Imagine you are walking along a forest trail, minding your own business, when all of a sudden you are snagged by a long and thorny vine! There’s a good chance it’s the Himalayan Blackberry, an invasive species brought to North America for its fruit from Armenia and North Iran. This creeping perennial has long, thick, woody stems – known as canes – that range in diameter. They can size from that of a finger all the way to a wrist, and have thorns that are sharp and stiff protrusions. The leaves form leaflet groups of 3-5 individual leaves and branch off of the canes. Flowers and fruit on this blackberry are very like those of native species. The flowers range in hue from white to pink, have 5 petals, and are about 1” in diameter. The fruit of the blackberry is a dark purple or black color. 


invasive Himalayan blackberry at Columbia Springs


While delicious, the Himalayan blackberry can take over wherever it grows; its canes arch over and under each other, forming an impenetrable bush. Additionally, whenever a stem tip touches the ground, a new “daughter” plant can take root. Once the blackberry starts spreading, it can stop native vegetation growth. This results in a habitat that is unable to house different species and that has a very low biodiversity. 

The Trailing Blackberry is native to North America, and looks like the Himalayan at first glance. They both have long vines with thorns, white or pink flowers, and leaves in groups. However, the stems of the trailing blackberry are much thinner, and the thorns aren’t as stiff. The Trailing Blackberry isn’t creeping either, so it’s found along the ground. Because of this, it coexists with other plant life rather than completely taking over an ecosystem, which is the opposite of the Himalayan. Also in contrast with the invasive blackberry, the native species has leaflets with only three leaves, and they are slimmer in shape instead of circular. 


native blackberry leaflet


Removal of the Himalayan Blackberry is very difficult. Effective ways include mowing off the canes and removing the root ball. A combination of these methods means the plant is much more likely to die and stay away. Sometimes one method might not work, but another may. Disposing of the blackberry takes time and dedication.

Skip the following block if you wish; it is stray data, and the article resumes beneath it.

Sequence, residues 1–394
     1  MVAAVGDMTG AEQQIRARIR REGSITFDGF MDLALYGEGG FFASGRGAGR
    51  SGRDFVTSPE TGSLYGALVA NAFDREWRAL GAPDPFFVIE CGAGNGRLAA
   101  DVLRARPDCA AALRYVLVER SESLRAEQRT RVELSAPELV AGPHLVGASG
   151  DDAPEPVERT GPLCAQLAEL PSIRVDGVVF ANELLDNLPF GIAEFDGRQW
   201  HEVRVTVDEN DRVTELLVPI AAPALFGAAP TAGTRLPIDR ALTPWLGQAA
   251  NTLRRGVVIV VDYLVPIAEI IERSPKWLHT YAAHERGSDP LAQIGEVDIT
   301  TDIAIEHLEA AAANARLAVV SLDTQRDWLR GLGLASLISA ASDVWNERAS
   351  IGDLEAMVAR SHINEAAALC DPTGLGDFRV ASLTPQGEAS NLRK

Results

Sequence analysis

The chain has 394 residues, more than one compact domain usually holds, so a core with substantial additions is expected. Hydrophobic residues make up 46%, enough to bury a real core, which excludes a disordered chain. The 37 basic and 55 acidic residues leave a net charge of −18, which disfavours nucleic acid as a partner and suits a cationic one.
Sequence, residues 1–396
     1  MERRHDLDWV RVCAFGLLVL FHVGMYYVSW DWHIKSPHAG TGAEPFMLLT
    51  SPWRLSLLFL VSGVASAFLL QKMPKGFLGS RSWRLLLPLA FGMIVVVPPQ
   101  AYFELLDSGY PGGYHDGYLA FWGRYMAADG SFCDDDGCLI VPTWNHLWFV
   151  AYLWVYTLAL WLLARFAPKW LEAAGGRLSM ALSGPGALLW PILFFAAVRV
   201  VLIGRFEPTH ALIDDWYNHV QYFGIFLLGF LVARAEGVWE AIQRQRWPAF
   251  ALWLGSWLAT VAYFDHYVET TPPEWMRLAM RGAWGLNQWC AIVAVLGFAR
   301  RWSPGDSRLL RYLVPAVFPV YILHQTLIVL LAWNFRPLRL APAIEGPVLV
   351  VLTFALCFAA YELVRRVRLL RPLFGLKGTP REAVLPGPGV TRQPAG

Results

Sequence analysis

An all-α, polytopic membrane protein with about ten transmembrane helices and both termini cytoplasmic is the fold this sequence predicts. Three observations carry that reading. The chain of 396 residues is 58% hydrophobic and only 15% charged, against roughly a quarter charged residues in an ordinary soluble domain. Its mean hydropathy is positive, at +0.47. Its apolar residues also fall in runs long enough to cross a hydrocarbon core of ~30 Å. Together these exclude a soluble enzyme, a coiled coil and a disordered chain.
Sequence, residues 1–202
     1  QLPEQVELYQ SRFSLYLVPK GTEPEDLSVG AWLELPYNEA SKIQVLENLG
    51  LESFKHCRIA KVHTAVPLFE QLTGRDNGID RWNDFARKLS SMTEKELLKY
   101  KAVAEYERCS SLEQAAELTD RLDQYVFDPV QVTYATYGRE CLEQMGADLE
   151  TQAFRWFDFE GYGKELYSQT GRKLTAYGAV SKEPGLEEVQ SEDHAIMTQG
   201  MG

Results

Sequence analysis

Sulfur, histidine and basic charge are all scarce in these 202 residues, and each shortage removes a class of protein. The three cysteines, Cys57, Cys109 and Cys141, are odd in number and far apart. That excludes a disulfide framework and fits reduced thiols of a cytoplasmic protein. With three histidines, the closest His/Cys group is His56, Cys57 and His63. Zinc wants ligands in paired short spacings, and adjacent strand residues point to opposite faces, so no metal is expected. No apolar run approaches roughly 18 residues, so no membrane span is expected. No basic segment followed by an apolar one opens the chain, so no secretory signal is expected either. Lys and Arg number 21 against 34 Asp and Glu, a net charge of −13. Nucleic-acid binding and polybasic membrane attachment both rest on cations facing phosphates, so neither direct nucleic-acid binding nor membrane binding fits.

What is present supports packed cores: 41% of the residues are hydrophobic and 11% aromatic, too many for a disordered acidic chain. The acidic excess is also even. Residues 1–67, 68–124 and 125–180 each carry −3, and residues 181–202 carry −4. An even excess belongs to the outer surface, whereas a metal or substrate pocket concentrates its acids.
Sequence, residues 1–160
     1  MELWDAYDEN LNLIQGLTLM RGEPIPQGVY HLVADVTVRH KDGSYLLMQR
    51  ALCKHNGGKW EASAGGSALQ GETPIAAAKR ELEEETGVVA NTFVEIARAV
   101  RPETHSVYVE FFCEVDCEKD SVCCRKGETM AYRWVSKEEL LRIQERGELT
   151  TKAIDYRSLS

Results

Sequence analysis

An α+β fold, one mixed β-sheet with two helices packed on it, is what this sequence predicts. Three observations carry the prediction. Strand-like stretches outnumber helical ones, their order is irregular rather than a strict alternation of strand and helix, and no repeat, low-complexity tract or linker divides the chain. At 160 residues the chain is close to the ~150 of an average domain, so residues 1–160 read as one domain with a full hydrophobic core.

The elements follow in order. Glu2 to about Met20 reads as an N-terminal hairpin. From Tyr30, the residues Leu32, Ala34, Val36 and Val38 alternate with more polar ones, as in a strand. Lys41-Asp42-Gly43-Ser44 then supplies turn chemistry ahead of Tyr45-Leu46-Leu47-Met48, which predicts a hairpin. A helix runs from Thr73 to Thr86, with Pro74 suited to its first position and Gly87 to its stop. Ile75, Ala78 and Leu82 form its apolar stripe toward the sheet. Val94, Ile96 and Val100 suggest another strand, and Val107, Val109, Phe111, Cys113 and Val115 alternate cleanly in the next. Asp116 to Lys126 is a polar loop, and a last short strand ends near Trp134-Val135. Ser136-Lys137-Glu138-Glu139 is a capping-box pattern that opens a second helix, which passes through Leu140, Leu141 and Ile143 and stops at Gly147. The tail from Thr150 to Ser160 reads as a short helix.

If you have this invasive berry growing and want it gone, you could also try burning the whole bush! (NOTE: Working with flammable materials and fire should only be done by those who have professional experience in controlling it!) The burning method is most effective with small patches of blackberries; if they cover a larger area, try the other two listed above. Goats can also be effective Himalayan blackberry eradicators, as they will eat the entire plant from the leaves to the canes.

If you don’t want to get rid of your blackberry, make sure that you are controlling its spread. This can happen through trimming the canes or covering the plant with a tarp during winter months. And next time you are out walking and you come across a huge blackberry bush, remember that it’s probably invasive and then take a minute to stop and have a delicious snack! Want to help with invasive Himalayan blackberry removal at Columbia Springs? Email us at!



About the Author:  Hailey Gerdts is a high school senior participating in the American Fisheries Society’s Hutton Internship Program at Columbia Springs for the summer. She has a passion for environmental conservation and takes a special interest in marine mammals, though she is fascinated with and loves all things outdoors! She grew up hunting, fishing, and camping with friends and family all over the PNW. When she isn’t working, you can find Hailey playing piano, reading a good book, or hanging out with her cats.